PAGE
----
60S ribosomal protein L22

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Available structures
PDB Ortholog search: PDBe RCSB
Aliases RPL22, EAP, HBP15, HBP15/L22, L22, ribosomal protein L22
External IDs MGI: 99262 HomoloGene: 37378 GeneCards: RPL22
RNA expression pattern
PBB GE RPL22 208768 x at fs.png

PBB GE RPL22 220960 x at fs.png

PBB GE RPL22 214042 s at fs.png
More reference expression data
Species Human Mouse
RefSeq (mRNA)



RefSeq (protein)



Location (UCSC) Chr 1: 6.18 – 6.21 Mb Chr 4: 152.33 – 152.33 Mb
PubMed search [1] [2]
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60S ribosomal protein L22 is a protein that in humans is encoded by the RPL22 gene on Chromosome 1.[3][4]


Ribosomes, the organelles that catalyze protein synthesis, consist of a small 40S subunit and a large 60S subunit. Together these subunits are composed of 4 RNA species and approximately 80 structurally distinct proteins. This gene encodes a cytoplasmic ribosomal protein that is a component of the 60S subunit. The protein belongs to the L22E family of ribosomal proteins. Its initiating methionine residue is post-translationally removed. The protein can bind specifically to Epstein–Barr virus-encoded small RNAs (EBERs) 1 and 2. The mouse protein has been shown to be capable of binding to heparin. Transcript variants utilizing alternative polyA signals exist. As is typical for genes encoding ribosomal proteins, there are multiple processed pseudogenes of this gene dispersed through the genome. It was previously thought that this gene mapped to 3q26 and that it was fused to the acute myeloid leukemia 1 (AML1) gene located at 21q22 in some therapy-related myelodysplastic syndrome patients with 3;21 translocations; however, these fusions actually involve a ribosomal protein L22 pseudogene located at 3q26, and this gene actually maps to 1p36.3-p36.2.[4]

Together with RPL4, RPL22 forms the narrowest constriction of the ribosomal exit tunnel (the grove through which a growing protein chain exits the ribosome), and consequently mutations in RPL22 are believed to alter the efficiency with which protein synthesis proceeds.[5]


The gene may play a role in Insect toxicity resistance. In culex mosquitos, it was one of several ribosomal proteins which were overexpressed in strains resistant to the insecticide deltamethrin.[6] More focused analysis revealed that resistant mosquitoes expressed RPL22 at a level more than 2.5x higher than susceptible strains; however, the same study found that over-expression of RPL22 in transfected cells caused a down-regulation of a different deltamethrin-resistance gene (CYP6A1) and made these cells overall less resistant to the insecticide.[7] Less ambiguously, multiple studies indicate that mutations in RPL22 confer erythromycin resistance on E. coli bacteria.[8][9]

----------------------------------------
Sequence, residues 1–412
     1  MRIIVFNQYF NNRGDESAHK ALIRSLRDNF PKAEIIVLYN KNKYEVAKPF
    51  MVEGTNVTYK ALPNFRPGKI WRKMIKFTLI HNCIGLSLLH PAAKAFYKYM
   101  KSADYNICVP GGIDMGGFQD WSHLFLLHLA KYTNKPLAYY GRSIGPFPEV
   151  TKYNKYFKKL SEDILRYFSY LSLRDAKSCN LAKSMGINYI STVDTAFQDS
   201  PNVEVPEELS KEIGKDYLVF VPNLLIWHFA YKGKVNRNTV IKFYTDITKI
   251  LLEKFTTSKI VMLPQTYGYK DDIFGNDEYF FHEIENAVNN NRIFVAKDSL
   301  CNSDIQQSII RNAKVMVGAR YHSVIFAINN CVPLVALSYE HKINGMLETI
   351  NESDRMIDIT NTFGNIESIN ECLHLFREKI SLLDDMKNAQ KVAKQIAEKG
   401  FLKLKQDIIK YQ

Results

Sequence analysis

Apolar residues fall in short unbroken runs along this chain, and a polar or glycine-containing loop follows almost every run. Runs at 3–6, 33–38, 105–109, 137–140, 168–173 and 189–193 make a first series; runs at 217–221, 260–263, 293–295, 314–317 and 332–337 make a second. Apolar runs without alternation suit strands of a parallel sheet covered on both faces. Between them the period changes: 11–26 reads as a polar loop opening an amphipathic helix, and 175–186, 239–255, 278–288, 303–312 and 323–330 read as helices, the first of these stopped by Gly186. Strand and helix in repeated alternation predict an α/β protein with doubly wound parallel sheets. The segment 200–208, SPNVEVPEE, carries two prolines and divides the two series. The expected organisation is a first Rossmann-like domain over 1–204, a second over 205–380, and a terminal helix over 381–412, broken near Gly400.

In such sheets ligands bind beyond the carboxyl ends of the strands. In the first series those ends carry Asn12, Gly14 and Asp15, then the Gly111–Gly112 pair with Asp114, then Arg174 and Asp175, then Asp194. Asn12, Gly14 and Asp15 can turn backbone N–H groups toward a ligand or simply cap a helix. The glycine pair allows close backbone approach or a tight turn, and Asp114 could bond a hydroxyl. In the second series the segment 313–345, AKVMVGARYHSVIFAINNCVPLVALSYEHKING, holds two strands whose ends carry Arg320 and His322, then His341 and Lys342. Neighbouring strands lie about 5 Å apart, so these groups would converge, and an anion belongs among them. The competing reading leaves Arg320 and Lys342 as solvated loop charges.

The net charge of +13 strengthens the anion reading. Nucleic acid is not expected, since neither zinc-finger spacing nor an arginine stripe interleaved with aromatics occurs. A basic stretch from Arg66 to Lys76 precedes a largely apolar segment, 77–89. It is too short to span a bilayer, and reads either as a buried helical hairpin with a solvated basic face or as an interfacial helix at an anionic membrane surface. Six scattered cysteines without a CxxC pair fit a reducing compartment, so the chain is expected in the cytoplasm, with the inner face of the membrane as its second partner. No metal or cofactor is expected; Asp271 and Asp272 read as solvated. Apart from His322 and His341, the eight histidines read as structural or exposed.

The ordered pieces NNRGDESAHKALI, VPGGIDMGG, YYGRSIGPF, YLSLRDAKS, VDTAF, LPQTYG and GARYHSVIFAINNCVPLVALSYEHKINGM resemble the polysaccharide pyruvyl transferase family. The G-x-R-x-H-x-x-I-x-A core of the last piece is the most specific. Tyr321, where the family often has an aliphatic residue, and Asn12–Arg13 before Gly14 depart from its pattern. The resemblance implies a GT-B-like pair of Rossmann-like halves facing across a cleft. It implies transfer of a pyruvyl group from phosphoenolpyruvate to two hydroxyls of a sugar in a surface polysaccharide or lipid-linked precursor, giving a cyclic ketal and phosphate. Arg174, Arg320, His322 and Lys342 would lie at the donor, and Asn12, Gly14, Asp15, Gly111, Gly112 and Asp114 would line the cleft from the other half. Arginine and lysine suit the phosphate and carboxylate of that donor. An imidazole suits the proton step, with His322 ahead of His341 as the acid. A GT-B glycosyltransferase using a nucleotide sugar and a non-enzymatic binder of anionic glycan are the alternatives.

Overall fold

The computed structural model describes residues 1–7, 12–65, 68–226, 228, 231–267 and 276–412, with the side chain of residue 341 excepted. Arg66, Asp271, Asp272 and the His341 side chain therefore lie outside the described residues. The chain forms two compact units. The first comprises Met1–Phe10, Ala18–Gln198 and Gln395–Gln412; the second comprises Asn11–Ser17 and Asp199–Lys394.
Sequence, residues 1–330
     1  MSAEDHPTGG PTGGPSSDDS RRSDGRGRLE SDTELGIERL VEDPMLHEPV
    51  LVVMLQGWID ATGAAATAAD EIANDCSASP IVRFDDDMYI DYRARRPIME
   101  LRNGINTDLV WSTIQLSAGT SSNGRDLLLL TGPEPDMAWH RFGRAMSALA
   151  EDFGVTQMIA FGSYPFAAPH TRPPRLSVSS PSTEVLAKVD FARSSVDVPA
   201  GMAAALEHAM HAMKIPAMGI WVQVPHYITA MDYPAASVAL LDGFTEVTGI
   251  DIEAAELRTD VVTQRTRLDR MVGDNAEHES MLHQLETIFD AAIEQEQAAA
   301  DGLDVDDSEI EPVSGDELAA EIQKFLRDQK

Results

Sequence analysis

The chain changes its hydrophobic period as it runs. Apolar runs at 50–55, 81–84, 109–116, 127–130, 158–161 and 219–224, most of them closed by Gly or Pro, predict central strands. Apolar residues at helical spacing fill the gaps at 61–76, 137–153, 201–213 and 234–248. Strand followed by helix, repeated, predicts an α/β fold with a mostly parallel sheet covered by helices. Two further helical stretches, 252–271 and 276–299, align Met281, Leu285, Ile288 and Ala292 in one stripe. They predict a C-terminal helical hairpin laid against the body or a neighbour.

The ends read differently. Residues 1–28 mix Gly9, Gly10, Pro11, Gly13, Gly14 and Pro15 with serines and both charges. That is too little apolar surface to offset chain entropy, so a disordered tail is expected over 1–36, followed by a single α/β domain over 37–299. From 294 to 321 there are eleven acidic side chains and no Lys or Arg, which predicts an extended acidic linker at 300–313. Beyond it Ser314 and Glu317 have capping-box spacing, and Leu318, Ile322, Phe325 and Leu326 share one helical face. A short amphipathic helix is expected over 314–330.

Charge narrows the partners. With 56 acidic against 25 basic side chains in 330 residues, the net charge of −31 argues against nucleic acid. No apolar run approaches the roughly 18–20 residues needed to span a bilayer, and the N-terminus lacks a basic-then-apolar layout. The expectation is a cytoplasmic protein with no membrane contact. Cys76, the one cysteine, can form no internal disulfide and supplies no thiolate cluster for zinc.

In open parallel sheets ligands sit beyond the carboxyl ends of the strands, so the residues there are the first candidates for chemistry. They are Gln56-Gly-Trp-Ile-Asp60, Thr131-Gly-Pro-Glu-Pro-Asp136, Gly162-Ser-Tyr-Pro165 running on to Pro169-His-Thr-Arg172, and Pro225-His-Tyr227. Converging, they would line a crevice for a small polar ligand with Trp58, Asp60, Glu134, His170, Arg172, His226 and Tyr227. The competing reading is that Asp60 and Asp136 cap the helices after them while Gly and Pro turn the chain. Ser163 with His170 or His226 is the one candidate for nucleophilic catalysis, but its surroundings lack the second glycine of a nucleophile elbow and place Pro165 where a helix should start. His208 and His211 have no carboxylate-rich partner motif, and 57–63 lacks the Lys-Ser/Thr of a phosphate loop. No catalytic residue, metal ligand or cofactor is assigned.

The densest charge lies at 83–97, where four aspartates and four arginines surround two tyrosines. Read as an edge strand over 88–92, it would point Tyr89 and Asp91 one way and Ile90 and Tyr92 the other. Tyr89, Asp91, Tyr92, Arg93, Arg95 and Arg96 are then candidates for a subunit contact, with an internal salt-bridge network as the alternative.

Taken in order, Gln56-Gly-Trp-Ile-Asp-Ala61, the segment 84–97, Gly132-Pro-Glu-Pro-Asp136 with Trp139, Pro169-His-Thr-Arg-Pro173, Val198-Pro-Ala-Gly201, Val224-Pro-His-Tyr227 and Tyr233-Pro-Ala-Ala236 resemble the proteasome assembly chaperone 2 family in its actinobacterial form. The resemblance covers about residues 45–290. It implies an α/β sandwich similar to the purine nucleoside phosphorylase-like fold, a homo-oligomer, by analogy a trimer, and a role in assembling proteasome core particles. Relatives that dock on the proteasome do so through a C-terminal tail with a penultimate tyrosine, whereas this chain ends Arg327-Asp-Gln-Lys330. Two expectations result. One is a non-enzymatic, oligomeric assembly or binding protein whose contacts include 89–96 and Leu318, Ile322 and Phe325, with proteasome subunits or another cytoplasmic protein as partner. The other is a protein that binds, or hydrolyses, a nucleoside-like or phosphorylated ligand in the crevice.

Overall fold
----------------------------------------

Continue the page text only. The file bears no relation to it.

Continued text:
1. ^ "Human PubMed Reference:". 
  2. ^ "Mouse PubMed Reference:". 
  3. ^ Nucifora G, Begy CR, Erickson P, Drabkin HA, Rowley JD (August 1993). "The 3;21 translocation in myelodysplasia results in a fusion transcript between the AML1 gene and the gene for EAP, a highly conserved protein associated with the Epstein-Barr virus small RNA EBER 1". Proceedings of the National Academy of Sciences of the United States of America. 90 (16): 7784–8. doi:10.1073/pnas.90.16.7784. PMC 47227Freely accessible. PMID 8395054. 
  4. ^ a b "Entrez Gene: RPL22 ribosomal protein L22". 
  5. ^ Nakatogawa H, Ito K (2002). "The ribosomal exit tunnel functions as a discriminating gate". Cell. 108 (5): 629–36. doi:10.1016/S0092-8674(02)00649-9. PMID 11893334. 
  6. ^ Wu H, Tian H, Wu G, Langdon G, Kurtis J, Shen B, Ma L, Li X, Gu Y, Hu X, Zhu C (July 2004). "Culex pipiens pallens: identification of genes differentially expressed in deltamethrin-resistant and -susceptible strains". Pesticide Biochemistry and Physiology. 79 (3): 75–83. doi:10.1016/j.pestbp.2004.04.004. 
  7. ^ He J, Sun H, Zhang D, Sun Y, Ma L, Chen L, Liu Z, Xiong C, Yan G, Zhu C (June 2009). "Cloning and characterization of 60S ribosomal protein L22 (RPL22) from Culex pipiens pallens". Comparative Biochemistry and Physiology. Part B, Biochemistry & Molecular Biology. 153 (2): 216–22. doi:10.1016/j.cbpb.2009.03.003. PMID 19298862. 
  8. ^ Chittum HS, Champney WS (1994). "Ribosomal protein gene sequence changes in erythromycin-resistant mutants of Escherichia coli". Journal of Bacteriology. 176 (20): 6192–8. PMC 196958Freely accessible. PMID 7928988. 
  9. ^ Gabashvili IS, Gregory ST, Valle M, Grassucci R, Worbs M, Wahl MC, Dahlberg AE, Frank J (2001). "The polypeptide tunnel system in the ribosome and its gating in erythromycin resistance mutants of L4 and L22". Molecular Cell. 8 (1): 181–8. doi:10.1016/S1097-2765(01)00293-3. PMID 11511371. 

Further reading[edit]